According to new transcripts released by the Senate Judiciary Thursday afternoon, former FBI Director James Comey made the decision not to refer then Democrat presidential candidate Hillary Clinton for prosecution long before ever interviewing key witnesses. Members of the Committee allege Comey made the decision months before FBI agents were finished with the criminal investigation of her mishandling classified information during her time as Secretary of State.
The transcripts were revealed in a letter sent to current FBI Director Christopher Wray, in which lawmakers are demanding an explanation and more documents surrounding the case.
“According to the unredacted portions of the transcripts, it appears that in April or early May of 2016, Mr. Comey had already decided he would issue a statement exonerating Secretary Clinton. That was long before FBI agents finished their work. Mr. Comey even circulated an early draft statement to select members of senior FBI leadership. The outcome of an investigation should not be prejudged while FBI agents are still hard at work trying to gather the facts,” the letter, signed by Chairman Chuck Grassley and Committee member Lindsey Graham states. “Conclusion first, fact-gathering second—that’s no way to run an investigation. The FBI should be held to a higher standard than that, especially in a matter of such great public interest and controversy.”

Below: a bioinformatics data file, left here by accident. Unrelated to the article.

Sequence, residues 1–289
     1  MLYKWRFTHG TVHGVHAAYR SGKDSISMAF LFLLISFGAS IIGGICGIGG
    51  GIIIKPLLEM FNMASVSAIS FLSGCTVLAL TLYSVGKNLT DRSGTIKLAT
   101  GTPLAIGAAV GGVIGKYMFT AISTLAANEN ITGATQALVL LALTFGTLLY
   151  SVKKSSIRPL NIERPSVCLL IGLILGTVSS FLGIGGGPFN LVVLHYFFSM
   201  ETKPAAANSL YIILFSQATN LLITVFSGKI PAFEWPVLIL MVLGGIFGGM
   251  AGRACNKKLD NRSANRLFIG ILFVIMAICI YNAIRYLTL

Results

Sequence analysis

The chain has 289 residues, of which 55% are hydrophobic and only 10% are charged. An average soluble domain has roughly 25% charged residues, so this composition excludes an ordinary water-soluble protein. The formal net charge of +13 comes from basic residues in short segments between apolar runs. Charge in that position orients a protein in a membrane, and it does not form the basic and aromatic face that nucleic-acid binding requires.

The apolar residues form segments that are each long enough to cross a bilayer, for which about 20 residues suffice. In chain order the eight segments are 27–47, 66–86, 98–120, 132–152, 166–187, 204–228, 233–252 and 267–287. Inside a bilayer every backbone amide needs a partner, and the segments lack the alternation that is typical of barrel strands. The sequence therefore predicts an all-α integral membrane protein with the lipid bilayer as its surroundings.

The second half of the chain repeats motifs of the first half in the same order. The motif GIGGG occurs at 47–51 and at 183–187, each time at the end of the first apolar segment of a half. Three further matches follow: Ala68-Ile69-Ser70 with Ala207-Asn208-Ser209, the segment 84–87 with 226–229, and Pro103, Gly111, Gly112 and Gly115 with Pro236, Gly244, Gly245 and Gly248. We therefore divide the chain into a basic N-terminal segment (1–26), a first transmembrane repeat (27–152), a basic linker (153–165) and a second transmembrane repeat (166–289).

Former Congressman Jason Chaffetz believes Comey may have committed perjury.
Fox News Insider reports:
Jason Chaffetz said former FBI Director James Comey has a lot of “explaining to do” in light of new reports that he began drafting a statement exonerating Hillary Clinton even before interviewing key witnesses, including the former secretary of state.
“He’s certainly got a lot of explaining to do. He could have perjured himself,” the former House oversight committee chairman said on “Fox & Friends.”
Senate Judiciary Committee Chairman Charles Grassley and fellow GOP Sen. Lindsey Graham wrote a letter to the FBI this week, expressing concern over whether Comey made up his mind about the email investigation months before his public news conference.
“Conclusion first, fact-gathering second—that’s no way to run an investigation,” the senators wrote. “The FBI should be held to a higher standard than that, especially in a matter of such great public interest and controversy.”